char const *sp = "hello";
char sl[] = "hello";

eif( sp == sp );

eif( "hello" == sp );

eif( "hello" == "hello" );

eif( "hello" == sl );

return 0;
}

which has this as a result:

equal
equal
equal
not equal

could give different results depending on how the compiler acts when
deciding where to store strings (because here we are comparing
pointers). I simply think that different objects shouldn't be lumped
together just because they contain the same things, otherwise I would
have declared a single string and would have used its pointer around the
code. Pointers are for that too. it is my opinion that the program I
posted should have this as a result:

equal
not equal
not equal
not equal

Re: What a bug

<ud6rcg$1tq9a$1@dont-email.me>

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From: Bonita.M...@gmail.com (Bonita Montero)
Newsgroups: comp.lang.c++
Subject: Re: What a bug
Date: Tue, 5 Sep 2023 11:11:44 +0200
Organization: A noiseless patient Spider
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 by: Bonita Montero - Tue, 5 Sep 2023 09:11 UTC

Am 04.09.2023 um 02:37 schrieb Keith Thompson:

> A far simpler solution is to use std::wstring as the key type.

A string_view is much more perfromant and allows to reference
external strings - if applicable.

Re: What a bug

<ud6rep$1tq9a$2@dont-email.me>

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From: Bonita.M...@gmail.com (Bonita Montero)
Newsgroups: comp.lang.c++
Subject: Re: What a bug
Date: Tue, 5 Sep 2023 11:12:57 +0200
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In-Reply-To: <ud6qom$1tniq$1@dont-email.me>
 by: Bonita Montero - Tue, 5 Sep 2023 09:12 UTC

Am 05.09.2023 um 11:01 schrieb jak:
> Keith Thompson ha scritto:
>> jak <nospam@please.ty> writes:
>>> jak ha scritto:
>>>> Bonita Montero ha scritto:
>>>>> I checked for some commandline options and I thought it would be the
>>>>> best to map that through an unordered_map. I extracted this from my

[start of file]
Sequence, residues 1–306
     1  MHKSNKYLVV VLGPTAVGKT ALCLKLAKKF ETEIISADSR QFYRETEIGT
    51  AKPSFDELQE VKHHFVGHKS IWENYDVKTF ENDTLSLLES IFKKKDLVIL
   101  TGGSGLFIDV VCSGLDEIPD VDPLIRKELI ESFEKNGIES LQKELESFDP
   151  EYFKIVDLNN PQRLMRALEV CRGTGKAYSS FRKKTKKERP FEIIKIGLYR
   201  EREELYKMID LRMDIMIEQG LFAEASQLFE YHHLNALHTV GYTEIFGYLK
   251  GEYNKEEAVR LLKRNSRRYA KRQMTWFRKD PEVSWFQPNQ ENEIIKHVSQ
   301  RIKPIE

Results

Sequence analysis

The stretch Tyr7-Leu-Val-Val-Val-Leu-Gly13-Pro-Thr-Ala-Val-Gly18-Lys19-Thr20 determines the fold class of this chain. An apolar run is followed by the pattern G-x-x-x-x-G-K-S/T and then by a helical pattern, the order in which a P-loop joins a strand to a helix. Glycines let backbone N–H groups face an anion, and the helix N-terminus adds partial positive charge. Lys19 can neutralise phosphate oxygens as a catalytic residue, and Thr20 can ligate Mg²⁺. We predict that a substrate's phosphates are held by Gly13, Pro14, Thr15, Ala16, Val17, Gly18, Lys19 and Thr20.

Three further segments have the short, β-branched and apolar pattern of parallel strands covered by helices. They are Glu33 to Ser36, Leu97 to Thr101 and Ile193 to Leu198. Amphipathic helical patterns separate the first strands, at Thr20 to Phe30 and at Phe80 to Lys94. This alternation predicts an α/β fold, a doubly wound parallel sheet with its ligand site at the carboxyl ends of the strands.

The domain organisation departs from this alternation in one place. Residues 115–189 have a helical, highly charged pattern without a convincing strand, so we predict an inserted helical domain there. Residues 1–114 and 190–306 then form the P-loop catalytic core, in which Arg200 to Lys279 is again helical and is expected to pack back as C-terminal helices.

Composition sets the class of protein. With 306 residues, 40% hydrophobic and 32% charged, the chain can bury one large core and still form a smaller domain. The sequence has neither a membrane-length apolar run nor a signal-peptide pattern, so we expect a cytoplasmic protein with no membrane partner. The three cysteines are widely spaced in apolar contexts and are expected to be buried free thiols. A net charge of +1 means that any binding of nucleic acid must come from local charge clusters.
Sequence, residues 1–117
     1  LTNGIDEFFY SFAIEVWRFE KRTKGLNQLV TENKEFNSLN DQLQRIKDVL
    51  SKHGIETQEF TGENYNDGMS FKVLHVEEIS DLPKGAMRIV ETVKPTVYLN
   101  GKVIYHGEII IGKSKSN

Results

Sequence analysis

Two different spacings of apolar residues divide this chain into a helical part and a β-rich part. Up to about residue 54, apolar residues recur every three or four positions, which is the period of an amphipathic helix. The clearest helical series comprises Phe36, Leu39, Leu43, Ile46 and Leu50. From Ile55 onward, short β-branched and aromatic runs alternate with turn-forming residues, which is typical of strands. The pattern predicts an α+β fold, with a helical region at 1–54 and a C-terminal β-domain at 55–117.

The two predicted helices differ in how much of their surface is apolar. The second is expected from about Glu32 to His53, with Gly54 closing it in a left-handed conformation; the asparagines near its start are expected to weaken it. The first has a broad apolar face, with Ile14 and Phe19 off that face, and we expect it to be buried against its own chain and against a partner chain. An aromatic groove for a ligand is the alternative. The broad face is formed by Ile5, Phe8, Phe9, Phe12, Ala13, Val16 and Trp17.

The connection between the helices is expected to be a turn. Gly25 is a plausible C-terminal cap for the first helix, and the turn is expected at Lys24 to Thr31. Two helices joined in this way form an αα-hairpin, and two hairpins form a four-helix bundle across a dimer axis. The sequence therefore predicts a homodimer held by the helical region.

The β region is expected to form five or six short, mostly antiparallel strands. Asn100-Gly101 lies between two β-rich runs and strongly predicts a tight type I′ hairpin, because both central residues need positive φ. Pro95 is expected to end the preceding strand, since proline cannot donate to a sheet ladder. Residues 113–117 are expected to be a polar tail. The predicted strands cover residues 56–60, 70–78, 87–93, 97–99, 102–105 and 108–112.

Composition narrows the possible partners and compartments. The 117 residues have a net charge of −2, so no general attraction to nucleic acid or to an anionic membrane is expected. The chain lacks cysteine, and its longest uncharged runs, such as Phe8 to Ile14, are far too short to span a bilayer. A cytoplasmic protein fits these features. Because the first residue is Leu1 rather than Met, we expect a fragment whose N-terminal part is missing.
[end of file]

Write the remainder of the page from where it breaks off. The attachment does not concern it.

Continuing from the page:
>>>>> application in the below code.
>>>>>
>>>>> #include <Windows.h>
>>>>> #include <iostream>
>>>>> #include <variant>
>>>>> #include <unordered_map>
>>>>>
>>>>> using namespace std;
>>>>>
>>>>> int wmain( int argc, wchar_t **argv )
>>>>> {
>>>>>       static unordered_map<wchar_t const *, DWORD>
>>>>>           const opts =
>>>>>       {
>>>>>           { L"--idle", IDLE_PRIORITY_CLASS },
>>>>>           { L"--below", BELOW_NORMAL_PRIORITY_CLASS },
>>>>>           { L"--above", ABOVE_NORMAL_PRIORITY_CLASS },
>>>>>           { L"--high", HIGH_PRIORITY_CLASS },
>>>>>           { L"--realtime", REALTIME_PRIORITY_CLASS }
>>>>>       };
>>>>>       auto mappedPrio = opts.find( "--high" );
>>>>>       if( mappedPrio == opts.end() )
>>>>>           return -1;
>>>>>       return 0;
>>>>> }
>>>>>
>>>>> Why does my code have a bug and why doesn't mappedPrio
>>>>> point to end() at the end?
>>>> HI,
>>>> you just need to use wchar_t in your search string as well:
>>>> from:
>>>> auto mappedPrio = opts.find( "--high" );
>>>> to:
>>>> auto mappedPrio = opts.find( L"--high" );
>>>>
>>>
>>> mmm. This only works because the compiler uses the same area of memory
>>> as the strings are equal and therefore compares a pointer to itself when
>>> it finds the string. In fact if I replace this:
>>>
>>> auto mappedPrio = opts.find( L"--high" );
>>>
>>> with this other:
>>>
>>> wchar_t what[] =  L"--high";
>>> auto mappedPrio = opts.find( what );
>>>
>>> the search fails.
>>>
>>> I find this sneaky. In my opinion the compiler shouldn't treat two
>>> objects as the same just because they have the same content.
>>
>> The find() function of unordered_map<> compares keys for *equality*.
>>
>> Since the code defines the key type as `wchar_t const *`, it does
>> pointer comparison, which has all the usual problems when you apply it
>> to string literals; L"foo" and L"foo" may or may not be stored at the
>> same memory location, and L"foo" and a string L"foo" derived from user
>> input will certainly not have the same address.
>>
>> You can specify an equality function if you like.
>>
>> A far simpler solution is to use std::wstring as the key type.
>>
>
> HI,
> I probably expressed myself badly. I agree with what you answered and
> everything is clear to me. What I am contesting is the part where you
> say "...may or may not be stored at the same memory location" because
> that would mean that a program like this:
>
> #include <iostream>
>
> int main()
> {
>     auto eif = [] (bool t) {
>         std::cout << ( t ? "equal" : "not equal" ) << std::endl;
>     };
>
>     char const *sp = "hello";
>     char sl[] = "hello";

Try to make s1 static const, then it may be joined.

>
>     eif( sp == sp );
>
>     eif( "hello" == sp );
>
>     eif( "hello" == "hello" );
>
>     eif( "hello" == sl );
>